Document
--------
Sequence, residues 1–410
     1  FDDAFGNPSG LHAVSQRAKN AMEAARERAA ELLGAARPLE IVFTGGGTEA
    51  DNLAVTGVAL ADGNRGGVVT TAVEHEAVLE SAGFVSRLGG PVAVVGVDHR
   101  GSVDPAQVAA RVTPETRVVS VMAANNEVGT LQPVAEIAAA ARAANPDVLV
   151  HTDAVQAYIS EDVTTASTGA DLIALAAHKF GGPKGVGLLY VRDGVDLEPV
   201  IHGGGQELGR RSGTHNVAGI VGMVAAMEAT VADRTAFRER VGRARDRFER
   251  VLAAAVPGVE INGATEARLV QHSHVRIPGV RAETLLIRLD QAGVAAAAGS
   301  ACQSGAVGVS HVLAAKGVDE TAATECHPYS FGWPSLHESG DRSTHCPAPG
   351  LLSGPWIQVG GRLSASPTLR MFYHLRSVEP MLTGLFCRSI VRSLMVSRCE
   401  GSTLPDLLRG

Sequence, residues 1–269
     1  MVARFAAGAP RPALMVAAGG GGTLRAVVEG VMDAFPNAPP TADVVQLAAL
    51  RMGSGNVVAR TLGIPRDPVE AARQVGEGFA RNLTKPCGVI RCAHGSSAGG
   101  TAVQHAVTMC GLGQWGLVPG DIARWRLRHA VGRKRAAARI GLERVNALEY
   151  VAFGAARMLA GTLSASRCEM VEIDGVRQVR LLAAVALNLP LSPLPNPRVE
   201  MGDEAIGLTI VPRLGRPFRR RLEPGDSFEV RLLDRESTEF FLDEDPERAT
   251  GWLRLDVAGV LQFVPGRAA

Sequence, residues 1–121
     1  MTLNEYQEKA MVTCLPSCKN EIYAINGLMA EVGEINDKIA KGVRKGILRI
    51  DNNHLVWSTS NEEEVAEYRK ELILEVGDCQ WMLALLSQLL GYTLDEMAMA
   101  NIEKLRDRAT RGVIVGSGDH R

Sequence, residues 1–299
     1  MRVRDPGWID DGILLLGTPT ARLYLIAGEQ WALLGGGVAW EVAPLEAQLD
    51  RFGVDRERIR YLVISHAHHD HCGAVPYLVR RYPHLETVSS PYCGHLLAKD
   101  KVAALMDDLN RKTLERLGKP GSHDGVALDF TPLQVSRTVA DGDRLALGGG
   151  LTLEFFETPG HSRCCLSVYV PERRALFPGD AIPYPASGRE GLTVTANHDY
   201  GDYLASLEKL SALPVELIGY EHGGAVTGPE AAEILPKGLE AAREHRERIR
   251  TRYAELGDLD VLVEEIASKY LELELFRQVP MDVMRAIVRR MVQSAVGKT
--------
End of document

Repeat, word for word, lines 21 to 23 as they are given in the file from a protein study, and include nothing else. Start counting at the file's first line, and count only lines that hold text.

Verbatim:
   101  NIEKLRDRAT RGVIVGSGDH R

Sequence, residues 1–299
     1  MRVRDPGWID DGILLLGTPT ARLYLIAGEQ WALLGGGVAW EVAPLEAQLD